Lowlights: Rumors of illicit activities after dark, would be nice if it were a larger park


SDOT installing more curb ramps

The SDOT blog mentions that more curb ramps (inclined planes) will be installed this summer:

As previously reported here, SDOT is busy installing inclined planes, which we call curb ramps, throughout the city. As a result, we are creating a barrier-free environment for all and improving our pedestrian system in the process.

SDOT crews will focus much of their efforts on Aurora Avenue North this summer. More than 30 new ramps will be installed to ease access to transit and local businesses. These new ramps will be constructed between N 85th St and N 100th St.

But Aurora isn’t the only place where you’ll see new inclined planes popping up. Our crews will be installing these ramps from 14th Ave S to 20th Ave E to 33rd Ave W this year. So whether you’re travelling via wheelchair, pushing a stroller, or carting groceries back home, be thankful for the inclined plane.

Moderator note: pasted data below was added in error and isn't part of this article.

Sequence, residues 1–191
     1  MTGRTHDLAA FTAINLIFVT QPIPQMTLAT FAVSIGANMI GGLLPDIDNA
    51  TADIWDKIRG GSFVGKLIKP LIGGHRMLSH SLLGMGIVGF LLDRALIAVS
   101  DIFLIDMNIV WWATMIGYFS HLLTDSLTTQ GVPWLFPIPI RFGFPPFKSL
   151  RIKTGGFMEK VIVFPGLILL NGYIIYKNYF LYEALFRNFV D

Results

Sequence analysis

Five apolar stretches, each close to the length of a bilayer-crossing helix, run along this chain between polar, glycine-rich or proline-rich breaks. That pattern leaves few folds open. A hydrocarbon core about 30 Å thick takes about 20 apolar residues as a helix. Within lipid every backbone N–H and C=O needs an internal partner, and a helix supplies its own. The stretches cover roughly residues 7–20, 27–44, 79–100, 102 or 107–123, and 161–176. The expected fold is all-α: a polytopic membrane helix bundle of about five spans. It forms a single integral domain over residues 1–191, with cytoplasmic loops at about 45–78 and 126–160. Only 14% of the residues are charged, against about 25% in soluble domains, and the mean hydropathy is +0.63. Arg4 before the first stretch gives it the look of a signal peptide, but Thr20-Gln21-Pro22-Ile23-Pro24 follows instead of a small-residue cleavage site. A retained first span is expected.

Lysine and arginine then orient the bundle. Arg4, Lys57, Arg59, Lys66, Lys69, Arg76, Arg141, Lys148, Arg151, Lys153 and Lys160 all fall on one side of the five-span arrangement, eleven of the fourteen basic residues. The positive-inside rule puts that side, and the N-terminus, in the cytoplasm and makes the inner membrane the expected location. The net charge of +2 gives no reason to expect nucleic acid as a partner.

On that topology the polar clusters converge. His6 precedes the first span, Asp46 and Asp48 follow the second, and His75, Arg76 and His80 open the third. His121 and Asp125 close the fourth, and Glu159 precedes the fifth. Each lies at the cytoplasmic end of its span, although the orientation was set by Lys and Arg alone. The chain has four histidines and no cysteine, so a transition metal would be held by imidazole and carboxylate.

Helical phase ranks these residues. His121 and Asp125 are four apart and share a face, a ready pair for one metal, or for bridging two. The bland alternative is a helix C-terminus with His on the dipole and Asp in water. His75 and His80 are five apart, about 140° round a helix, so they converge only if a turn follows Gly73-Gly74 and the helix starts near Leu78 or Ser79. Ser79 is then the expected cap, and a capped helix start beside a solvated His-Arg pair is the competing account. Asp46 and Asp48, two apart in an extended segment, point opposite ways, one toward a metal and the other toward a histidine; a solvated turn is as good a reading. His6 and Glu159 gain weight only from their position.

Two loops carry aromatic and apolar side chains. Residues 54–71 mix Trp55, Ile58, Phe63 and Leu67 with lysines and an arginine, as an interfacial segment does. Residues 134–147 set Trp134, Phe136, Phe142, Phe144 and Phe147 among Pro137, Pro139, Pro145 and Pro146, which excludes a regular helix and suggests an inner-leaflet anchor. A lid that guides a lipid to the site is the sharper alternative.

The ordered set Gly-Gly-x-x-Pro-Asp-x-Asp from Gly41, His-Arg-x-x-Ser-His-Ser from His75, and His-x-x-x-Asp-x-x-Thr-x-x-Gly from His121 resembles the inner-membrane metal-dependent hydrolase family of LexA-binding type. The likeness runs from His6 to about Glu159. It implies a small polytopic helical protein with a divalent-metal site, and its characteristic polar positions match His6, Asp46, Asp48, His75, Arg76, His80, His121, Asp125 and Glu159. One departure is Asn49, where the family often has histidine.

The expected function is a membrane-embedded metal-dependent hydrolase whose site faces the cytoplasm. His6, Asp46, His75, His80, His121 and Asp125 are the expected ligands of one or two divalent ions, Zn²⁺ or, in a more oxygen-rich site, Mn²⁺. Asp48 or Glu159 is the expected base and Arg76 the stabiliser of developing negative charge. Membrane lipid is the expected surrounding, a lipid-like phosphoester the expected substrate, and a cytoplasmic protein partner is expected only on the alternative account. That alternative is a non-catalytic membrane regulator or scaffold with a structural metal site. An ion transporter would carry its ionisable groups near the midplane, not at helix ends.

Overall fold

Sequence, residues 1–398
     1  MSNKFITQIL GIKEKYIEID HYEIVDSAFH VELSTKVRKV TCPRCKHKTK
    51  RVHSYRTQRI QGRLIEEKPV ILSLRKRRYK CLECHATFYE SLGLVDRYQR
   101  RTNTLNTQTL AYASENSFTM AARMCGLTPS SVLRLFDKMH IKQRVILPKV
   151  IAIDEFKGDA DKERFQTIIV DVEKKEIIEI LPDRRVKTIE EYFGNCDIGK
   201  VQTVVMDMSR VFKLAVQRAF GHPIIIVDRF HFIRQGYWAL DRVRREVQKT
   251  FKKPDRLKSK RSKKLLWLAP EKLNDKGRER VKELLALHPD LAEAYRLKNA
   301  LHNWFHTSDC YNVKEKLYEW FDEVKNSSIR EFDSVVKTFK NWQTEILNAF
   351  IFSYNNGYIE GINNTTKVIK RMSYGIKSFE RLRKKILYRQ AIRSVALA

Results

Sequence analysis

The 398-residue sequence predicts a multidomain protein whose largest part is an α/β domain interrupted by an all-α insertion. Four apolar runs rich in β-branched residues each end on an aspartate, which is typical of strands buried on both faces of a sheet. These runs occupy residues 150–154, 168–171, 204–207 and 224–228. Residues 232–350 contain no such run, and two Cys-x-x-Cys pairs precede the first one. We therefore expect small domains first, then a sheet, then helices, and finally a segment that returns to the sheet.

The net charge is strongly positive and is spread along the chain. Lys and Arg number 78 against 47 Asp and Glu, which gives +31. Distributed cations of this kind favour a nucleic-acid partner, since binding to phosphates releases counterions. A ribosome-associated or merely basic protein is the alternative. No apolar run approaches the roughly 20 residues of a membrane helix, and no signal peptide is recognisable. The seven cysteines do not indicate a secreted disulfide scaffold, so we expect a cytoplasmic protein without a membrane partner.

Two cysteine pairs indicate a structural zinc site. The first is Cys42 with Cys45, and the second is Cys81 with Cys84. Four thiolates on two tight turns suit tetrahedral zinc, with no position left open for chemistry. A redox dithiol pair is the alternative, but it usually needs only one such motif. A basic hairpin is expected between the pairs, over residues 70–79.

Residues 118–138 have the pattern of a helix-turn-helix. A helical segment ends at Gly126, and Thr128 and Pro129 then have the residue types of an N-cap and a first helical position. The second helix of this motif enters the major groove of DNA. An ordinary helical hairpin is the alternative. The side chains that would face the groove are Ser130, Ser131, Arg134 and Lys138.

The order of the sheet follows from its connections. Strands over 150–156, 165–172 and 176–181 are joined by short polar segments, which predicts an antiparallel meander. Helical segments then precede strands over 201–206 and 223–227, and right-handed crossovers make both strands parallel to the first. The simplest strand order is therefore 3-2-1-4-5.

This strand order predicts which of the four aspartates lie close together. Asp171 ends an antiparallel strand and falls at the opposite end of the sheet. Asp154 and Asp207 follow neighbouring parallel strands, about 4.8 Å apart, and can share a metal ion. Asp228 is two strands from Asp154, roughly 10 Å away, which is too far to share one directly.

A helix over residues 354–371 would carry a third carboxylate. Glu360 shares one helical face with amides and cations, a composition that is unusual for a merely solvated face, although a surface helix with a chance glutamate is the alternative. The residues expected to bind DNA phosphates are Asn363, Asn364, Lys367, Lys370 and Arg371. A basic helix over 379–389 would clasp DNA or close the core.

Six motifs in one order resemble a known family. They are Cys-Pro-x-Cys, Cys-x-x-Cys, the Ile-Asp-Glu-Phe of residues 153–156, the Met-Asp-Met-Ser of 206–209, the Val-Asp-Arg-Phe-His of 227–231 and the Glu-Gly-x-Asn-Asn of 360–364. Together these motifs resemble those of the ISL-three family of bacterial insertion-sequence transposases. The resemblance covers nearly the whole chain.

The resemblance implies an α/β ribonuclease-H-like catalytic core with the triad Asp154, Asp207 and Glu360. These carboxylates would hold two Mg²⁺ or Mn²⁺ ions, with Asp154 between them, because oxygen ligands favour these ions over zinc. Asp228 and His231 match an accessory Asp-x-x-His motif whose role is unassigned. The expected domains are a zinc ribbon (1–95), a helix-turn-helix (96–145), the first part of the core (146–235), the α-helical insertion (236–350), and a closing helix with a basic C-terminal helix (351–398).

Walking Schmitz Preserve Park

Schmitz Preserve Park is the only Seattle park with old-growth forest and is a beautifully forested area that makes you feel like you’re in the foothills of the Cascades rather than in West Seattle.

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Schmitz Preserve Park walking route

Schmitz Preserve Park walking route in green

Start at SW Admiral Way and SW Stevens St, which you can get to by the 56 bus. By car, the directions would have you take the West Seattle bridge to the Admiral Way exit and take Admiral Way across West Seattle and turn left on SW Stevens St, where you can often find street parking near the park entrance.

Enter the park entrance near the SW Admiral Way and SW Stevens St intersection. The road into the park used to be open to vehicle traffic until a landslide in 2002. Though this is a fairly small park, there are several different unsigned trails. If you take a wrong turn, it won’t be too difficult to find your way back. The trail can be somewhat uneven and muddy, but is not too difficult overall.